“Sweet, soulful…the excellent Tommy Crawford” (These Seven Sicknesses)

“Tommy Crawford is brightly enthusiastic as Mark...the satiric crux of the play” (A.R. Gurney's Heresy)
– Associated Press

“Crawford is at his best in the honest simplicity of his more unvarnished speeches to the audience”…a “memorable performance…” (Bekah Brunstetter's Take Her to See the Maco Lights)
– New York Theatre Review

“Focused intensity… [Crawford and Sarah Stephens] bring these memorable folks to vivid life via committed characterizations and a smoky chemistry.” (Bekah Brunstetter's Take Her to See the Maco Lights)

“Go-to Bat Tommy Crawford ambles through nearly every piece with a Mephistopholean glint in his eye.” (Nick Jones's The Wundelsteipen)
– TimeOut NY

Select Recent Music Press

"The song that soon follows, 'Sing Me Silence, SeaWife,' is the most haunting of the show. Starting with a simple, lovely melody, it moves through rich chord changes and swells with stunning harmonies. This piece reflects the aesthetics of The Lobbyists at their very best, and I know of few other groups today who can match their range of expression.'
- Nantucket Inquirer and Mirror (SeaWife at the White Heron Theater)

“This Naked Angels ‘concert play’ stars the undeniably talented musicians of the indie–folk rock group the Lobbyists, who sail through a musical tempest of rousing drinking songs, mournful ballads, and rock anthems with brio” (SeaWife at South Street Seaport)
– Village Voice

“[SeaWife is] rocking the house down at the South Street Seaport Museum with absolutely gorgeous music and an insanely talented young cast that all play their own instruments. Imagine a nautical Once but without all the Czech baggage.” (SeaWife at South Street Seaport)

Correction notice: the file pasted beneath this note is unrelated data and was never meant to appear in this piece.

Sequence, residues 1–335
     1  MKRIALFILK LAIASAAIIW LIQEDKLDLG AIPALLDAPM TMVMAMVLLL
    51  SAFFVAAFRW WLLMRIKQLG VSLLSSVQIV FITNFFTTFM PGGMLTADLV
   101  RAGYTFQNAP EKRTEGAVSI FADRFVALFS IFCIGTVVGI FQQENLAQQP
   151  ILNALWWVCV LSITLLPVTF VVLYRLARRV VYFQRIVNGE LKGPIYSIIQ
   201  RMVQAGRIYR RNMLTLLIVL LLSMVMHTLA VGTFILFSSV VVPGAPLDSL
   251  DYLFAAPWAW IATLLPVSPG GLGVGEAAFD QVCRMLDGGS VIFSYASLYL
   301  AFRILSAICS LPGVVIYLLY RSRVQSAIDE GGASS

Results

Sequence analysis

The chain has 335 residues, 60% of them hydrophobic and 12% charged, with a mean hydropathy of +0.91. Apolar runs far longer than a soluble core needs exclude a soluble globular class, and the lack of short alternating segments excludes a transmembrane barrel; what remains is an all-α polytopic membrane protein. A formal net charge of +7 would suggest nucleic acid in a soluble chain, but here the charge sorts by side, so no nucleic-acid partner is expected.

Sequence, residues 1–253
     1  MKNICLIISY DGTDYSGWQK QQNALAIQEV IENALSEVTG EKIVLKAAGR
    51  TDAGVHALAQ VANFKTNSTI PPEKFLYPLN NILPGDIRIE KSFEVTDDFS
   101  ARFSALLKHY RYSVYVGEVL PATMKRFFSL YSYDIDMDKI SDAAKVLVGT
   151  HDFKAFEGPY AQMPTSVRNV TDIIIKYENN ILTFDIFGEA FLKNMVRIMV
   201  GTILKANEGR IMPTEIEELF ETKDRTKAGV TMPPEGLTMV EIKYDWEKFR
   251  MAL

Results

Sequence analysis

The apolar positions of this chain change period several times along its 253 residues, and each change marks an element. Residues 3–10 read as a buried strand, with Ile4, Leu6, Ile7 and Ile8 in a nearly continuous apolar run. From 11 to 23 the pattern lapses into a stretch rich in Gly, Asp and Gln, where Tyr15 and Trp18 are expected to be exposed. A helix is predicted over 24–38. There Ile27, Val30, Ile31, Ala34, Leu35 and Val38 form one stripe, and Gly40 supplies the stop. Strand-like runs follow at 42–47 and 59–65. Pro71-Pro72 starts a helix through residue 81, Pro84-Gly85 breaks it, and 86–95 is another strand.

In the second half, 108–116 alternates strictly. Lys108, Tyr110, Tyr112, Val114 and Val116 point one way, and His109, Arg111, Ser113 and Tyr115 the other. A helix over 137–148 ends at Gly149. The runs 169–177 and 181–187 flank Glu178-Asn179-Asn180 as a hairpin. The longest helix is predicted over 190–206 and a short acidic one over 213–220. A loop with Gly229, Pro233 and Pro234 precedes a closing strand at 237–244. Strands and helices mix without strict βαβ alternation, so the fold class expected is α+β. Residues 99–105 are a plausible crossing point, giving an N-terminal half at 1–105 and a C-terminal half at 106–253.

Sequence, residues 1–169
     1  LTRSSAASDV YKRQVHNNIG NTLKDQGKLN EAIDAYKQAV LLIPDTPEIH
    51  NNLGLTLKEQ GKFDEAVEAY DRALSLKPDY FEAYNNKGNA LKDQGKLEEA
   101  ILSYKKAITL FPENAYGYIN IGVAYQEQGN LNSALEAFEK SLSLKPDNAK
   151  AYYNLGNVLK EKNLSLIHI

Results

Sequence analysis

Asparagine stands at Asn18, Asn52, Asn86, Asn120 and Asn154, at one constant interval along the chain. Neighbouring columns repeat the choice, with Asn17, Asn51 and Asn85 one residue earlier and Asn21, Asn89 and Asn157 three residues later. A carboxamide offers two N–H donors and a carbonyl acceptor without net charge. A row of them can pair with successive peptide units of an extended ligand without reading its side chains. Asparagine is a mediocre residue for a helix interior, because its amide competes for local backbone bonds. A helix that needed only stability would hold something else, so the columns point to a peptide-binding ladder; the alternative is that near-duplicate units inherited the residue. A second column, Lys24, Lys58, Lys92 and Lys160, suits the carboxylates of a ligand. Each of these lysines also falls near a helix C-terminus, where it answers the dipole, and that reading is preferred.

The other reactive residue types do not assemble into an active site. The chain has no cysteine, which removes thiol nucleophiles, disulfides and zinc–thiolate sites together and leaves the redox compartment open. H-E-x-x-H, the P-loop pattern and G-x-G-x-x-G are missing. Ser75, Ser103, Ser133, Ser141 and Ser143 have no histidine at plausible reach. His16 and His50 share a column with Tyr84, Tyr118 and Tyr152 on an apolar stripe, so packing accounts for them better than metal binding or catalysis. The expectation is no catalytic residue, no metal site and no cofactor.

– Broadway Box

"The music directed by Tommy Crawford is especially forceful and resonant throughout, with haunting, propulsive renditions of spirituals and other folk songs performed a cappella by the ensemble, with plenty of stomping and lurching -- work songs for those who want more than anything to find steady work. It's a powerful portrayal of an awfully dark time in our nation's history that can't help but bring to mind how many of its ills aren't over yet." (The Grapes of Wrath with Ubuntu)
- Oakland Tribune / Bay Area News Group

“The arrangements and musicianship [are] beyond impressive.” (SeaWife at South Street Seaport)
-Times Square Chronicle

”And speaking of singing, a top-notch quartet (let’s call them the Fab Four for fun), with music director Tommy Crawford on lead guitar, provides rollicking musical interludes. The musicians bust out Beatles-like favorites using a mixture of traditional instruments (banjo and upright bass), and household items (washboards and spoons). They capture the period’s skiffle sound, a fusion of jazz, blues and American folk, and lend spontaneity and joy to the production.” (One Man, Two Guvnors at Chautauqua Theater Co.)
- The Chautauquan Daily

“ a Greek chorus of one, Tommy Crawford strolled through the rubble, strumming a guitar and singing tough commentaries on the events — music, by the way, that deserves a life after this well-done show.” (The Burial at Thebes)
San Diego Reader

Tommy and fellow Lobbyists featured on Pix 11's Backstage on Broadway with SeaWife at the South Street Seaport: